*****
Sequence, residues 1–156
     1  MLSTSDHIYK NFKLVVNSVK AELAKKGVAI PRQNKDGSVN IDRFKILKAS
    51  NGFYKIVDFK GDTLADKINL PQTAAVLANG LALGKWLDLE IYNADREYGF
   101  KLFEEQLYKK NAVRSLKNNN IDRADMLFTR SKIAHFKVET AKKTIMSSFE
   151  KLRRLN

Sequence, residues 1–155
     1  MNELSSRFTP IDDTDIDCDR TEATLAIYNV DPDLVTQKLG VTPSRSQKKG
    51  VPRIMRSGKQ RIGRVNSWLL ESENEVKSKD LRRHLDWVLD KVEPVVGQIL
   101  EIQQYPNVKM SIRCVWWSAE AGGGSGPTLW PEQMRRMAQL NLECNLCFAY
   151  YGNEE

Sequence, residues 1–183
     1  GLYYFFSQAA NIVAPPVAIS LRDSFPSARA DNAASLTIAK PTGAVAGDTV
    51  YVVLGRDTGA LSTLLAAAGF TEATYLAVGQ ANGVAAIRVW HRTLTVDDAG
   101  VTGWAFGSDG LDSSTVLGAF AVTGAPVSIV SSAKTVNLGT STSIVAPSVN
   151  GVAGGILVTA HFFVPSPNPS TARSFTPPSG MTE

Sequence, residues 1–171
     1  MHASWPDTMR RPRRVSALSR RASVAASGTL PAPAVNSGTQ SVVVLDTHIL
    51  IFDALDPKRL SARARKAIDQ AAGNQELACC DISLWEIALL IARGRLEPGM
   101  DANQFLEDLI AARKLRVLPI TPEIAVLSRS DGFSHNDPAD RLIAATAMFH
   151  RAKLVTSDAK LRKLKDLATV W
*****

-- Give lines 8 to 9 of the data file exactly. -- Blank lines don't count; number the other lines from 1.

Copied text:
    51  VPRIMRSGKQ RIGRVNSWLL ESENEVKSKD LRRHLDWVLD KVEPVVGQIL
   101  EIQQYPNVKM SIRCVWWSAE AGGGSGPTLW PEQMRRMAQL NLECNLCFAY